SAN FRANCISCO -- The U.S. Environmental Protection Agency is awarding a childhood lead poisoning prevention grant in the amount of $96,752 to Santa Clara County’s Health Department. This grant will benefit multiple Bay Area Counties. The funding will go to the County’s childhood lead poisoning prevention program through a unique grant designed to reduce childhood lead poisoning throughout the San Francisco Bay Area.
Lead is a toxic metal found in and around many homes built prior to 1978. Children under the age of 6 are most at risk to suffer from the effects of lead poisoning, ranging from behavioral problems and learning disabilities to seizures and death. When not done properly, renovations to pre-1978 homes often disturb lead-based paint, creating dangerous exposures for young children and their families.
The grant will help develop and implement three separate programs in Santa Clara County, San Mateo County, and Marin County that will reduce lead-based hazards during renovation activities at pre-1978 housing and child-occupied buildings. The programs include outreach to contractors on lead safe work practices, training for day laborers about lead-safe work practices, screening young children for blood lead levels, public service announcements on the importance of lead safe work practices, and training on how to avoid “take home” lead exposures so workers avoid taking home lead on their clothes and tools that could expose family members back at home. EPA is partnering with the health departments of Santa Clara, San Mateo and Marin County to increase awareness of lead-safe work practices and track compliance in renovated, child-occupied buildings. The multi-media outreach messages will increase lead-safe awareness and encourage the reporting of unsafe lead work practices. The primary objective for San Mateo County is utilizing the grant funds to respond to complaints about unsafe work practices and conduct public outreach to raise awareness.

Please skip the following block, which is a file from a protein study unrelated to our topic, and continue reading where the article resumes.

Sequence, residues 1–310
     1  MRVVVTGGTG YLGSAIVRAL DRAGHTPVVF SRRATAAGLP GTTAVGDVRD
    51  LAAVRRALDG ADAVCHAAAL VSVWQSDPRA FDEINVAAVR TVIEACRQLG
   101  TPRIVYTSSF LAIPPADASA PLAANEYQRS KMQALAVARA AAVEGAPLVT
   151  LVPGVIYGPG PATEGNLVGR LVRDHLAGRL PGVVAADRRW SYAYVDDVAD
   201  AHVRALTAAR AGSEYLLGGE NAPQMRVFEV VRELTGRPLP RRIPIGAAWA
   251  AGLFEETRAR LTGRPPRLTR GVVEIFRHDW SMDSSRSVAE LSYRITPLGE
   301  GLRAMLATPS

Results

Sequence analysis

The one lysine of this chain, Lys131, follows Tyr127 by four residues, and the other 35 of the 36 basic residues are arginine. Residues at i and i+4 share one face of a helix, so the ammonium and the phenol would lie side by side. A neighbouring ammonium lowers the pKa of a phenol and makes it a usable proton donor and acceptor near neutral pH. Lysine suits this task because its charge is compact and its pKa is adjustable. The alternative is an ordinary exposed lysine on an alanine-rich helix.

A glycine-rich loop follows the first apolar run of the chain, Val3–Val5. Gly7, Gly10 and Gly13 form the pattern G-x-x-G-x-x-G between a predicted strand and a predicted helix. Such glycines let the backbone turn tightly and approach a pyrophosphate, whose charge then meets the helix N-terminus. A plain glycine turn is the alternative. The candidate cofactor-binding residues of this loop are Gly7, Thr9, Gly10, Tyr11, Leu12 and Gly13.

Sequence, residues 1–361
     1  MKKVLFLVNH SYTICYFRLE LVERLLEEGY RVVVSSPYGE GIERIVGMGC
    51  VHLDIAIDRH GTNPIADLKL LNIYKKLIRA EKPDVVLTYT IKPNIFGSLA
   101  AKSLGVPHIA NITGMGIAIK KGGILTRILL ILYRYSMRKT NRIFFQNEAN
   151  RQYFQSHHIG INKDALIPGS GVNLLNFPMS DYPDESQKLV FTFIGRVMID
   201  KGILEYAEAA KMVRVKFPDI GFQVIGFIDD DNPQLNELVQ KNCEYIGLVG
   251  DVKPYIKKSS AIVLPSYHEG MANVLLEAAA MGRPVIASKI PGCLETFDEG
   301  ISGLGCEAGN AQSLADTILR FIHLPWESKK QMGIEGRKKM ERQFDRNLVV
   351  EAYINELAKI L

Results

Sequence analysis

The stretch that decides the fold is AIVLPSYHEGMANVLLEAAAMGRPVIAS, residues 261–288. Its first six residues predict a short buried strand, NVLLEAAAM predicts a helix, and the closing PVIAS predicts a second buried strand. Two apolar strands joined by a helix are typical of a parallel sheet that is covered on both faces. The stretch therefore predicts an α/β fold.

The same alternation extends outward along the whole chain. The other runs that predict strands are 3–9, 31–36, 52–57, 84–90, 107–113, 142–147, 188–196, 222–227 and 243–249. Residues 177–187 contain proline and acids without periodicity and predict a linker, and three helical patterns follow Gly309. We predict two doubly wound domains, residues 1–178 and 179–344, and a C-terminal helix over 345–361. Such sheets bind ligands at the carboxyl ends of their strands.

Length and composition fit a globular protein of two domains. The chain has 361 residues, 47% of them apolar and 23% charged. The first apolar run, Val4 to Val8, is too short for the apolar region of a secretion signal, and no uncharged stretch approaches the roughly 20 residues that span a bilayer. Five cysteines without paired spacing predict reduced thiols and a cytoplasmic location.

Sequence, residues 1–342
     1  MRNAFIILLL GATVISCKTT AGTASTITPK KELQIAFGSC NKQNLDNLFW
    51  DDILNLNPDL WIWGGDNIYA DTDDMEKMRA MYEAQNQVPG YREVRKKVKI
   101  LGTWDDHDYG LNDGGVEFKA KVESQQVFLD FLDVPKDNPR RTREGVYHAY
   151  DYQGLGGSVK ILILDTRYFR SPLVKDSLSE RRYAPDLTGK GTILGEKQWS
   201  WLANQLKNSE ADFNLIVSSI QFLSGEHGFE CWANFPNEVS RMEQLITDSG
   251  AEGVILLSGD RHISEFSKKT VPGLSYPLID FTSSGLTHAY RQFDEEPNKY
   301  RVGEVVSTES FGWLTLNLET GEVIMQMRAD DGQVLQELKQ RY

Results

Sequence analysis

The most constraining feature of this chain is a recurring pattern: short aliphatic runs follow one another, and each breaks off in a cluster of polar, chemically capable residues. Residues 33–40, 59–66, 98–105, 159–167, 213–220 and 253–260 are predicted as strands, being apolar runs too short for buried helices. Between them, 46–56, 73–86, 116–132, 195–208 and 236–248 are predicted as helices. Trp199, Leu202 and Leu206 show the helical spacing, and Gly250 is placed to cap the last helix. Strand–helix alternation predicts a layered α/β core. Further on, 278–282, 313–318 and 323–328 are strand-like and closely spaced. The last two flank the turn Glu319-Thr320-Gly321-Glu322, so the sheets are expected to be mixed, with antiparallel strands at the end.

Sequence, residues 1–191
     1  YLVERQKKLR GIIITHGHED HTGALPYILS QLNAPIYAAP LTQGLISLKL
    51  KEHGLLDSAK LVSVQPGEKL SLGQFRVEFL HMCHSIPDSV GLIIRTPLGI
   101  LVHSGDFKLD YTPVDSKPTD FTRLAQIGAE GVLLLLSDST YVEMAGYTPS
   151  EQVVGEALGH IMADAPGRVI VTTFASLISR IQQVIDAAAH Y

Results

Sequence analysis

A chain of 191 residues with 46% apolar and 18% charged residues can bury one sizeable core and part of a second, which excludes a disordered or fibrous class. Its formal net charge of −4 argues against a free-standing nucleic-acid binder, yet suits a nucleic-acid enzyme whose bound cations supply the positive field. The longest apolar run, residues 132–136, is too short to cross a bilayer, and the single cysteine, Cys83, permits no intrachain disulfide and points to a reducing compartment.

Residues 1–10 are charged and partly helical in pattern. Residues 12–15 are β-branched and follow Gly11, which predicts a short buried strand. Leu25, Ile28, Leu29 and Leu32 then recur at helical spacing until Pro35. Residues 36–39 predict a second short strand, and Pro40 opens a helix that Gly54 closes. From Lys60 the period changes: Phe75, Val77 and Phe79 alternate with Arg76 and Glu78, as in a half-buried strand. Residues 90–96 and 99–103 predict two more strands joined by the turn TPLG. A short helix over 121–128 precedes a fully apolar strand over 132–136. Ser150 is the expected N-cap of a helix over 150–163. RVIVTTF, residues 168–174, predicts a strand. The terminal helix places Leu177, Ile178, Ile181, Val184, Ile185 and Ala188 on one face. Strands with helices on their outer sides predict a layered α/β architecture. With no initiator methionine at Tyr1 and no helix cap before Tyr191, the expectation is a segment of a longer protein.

These efforts throughout the Bay Area will help ensure that an increased knowledge of lead-safe work practices is received by contractors, the Spanish-speaking labor force and the general public. At the end of the grant, the three project components will be comparatively evaluated for their effectiveness.
Members of the media: EPA officials will be available for interviews to discuss details of this funding and provide background information about the risks of lead poisoning. If you would like to schedule an interview, please contact one of the media representatives listed below. Please include your name, affiliation, deadline and contact information in your request. See EPA’s website on Lead Exposure: http://www.epa.gov/lead/
Media contacts: EPA: Mary Simms, firstname.lastname@example.org, (415) 947-4270; Santa Clara County: Gwendolyn Mitchell/Lingxia Meng, (408) 299-5119; San Mateo County: Robyn Thaw, RThaw@co.sanmateo.ca.us (650) 573-3935
Posted: July 12, 2010